Amanda Proietti, Academic Dean
At our opening school ceremony this year, I urged students in grades 4-12 to spend time in silence every day. With the presence of music and news or audiobooks streaming through our ipods and phones and computers, and music in supermarkets, elevators, waiting rooms, and while on hold, we have to work hard to find silence. Few of us succeed. And I worry about the implications of that.
I worry about it for several reasons. One is that we have reduced music to wallpaper, to mere background noise, and I think music deserves better than that. Another is that most students perform worse on cognitive tasks when they are listening to music. And though there is some evidence to suggest that extroverts perform better in the presence of background noise such as TV or chatter, introverts perform significantly worse (Furnham and Bradley, 1997), and we don't need one more way to put introverts at a disadvantage. We also don't need any more ways to fragment our already restless attention, jumping from texts to emails to Facebook posts to TV screens to a textbook. We need mental rest.
A recent study points to a connection between silence and permanent growth of neurons in the brain (Kirste, 2013). We have heard about the beneficial effects of silence on blood pressure. Such medical and cognitive effects of silence are wondrous, but what interests me more is how silence aids us in forming our personalities. It is in quiet that we hear our own voice, that we ponder and muse and give thoughts space to develop, that we confront the less attractive aspects of our personality and work to refine them. I don't know that we can know who we are unless we learn that in silence. It is the source of our strength and authenticity.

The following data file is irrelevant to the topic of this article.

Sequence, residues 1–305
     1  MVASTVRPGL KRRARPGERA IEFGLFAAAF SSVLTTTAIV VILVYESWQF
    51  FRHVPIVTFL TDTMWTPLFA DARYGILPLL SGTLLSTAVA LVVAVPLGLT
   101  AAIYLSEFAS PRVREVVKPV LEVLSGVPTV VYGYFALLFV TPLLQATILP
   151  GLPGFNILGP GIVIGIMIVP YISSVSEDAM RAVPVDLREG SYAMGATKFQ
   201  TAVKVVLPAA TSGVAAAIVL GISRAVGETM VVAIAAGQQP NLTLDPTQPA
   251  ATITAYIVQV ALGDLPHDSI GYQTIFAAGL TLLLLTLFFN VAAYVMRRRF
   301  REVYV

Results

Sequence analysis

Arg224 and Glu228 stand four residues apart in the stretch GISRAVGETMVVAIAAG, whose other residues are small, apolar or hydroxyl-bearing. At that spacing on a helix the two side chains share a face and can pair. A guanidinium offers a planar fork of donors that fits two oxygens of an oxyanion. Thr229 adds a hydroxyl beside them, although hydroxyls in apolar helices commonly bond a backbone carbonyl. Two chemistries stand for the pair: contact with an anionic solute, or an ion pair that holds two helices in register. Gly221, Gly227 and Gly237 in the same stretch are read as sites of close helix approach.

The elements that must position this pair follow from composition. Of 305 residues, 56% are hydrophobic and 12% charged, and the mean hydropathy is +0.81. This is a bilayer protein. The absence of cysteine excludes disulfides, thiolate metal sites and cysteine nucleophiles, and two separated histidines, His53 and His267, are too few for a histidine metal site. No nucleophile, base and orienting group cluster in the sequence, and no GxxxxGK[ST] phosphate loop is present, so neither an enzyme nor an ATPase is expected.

Can parents and teachers find space in the day to cultivate silence for ourselves and our children? Could we have silent car rides or walks in the neighborhood or chores or crafts or homework performed in amiable, companionable (not rigidly enforced) silence? In moments of high drama or tension when we lose touch with ourselves, can we resist reacting with torrents of words but find space for silence, too?
If, as a community, we could undertake to find periods of silence in every day, would our younger students become more imaginative and resourceful, our middle-schoolers more accepting and confident, and our high-schoolers more optimistic and discerning? Would we adults find ourselves calmer and clearer headed
To find out, what do we have to lose but noise?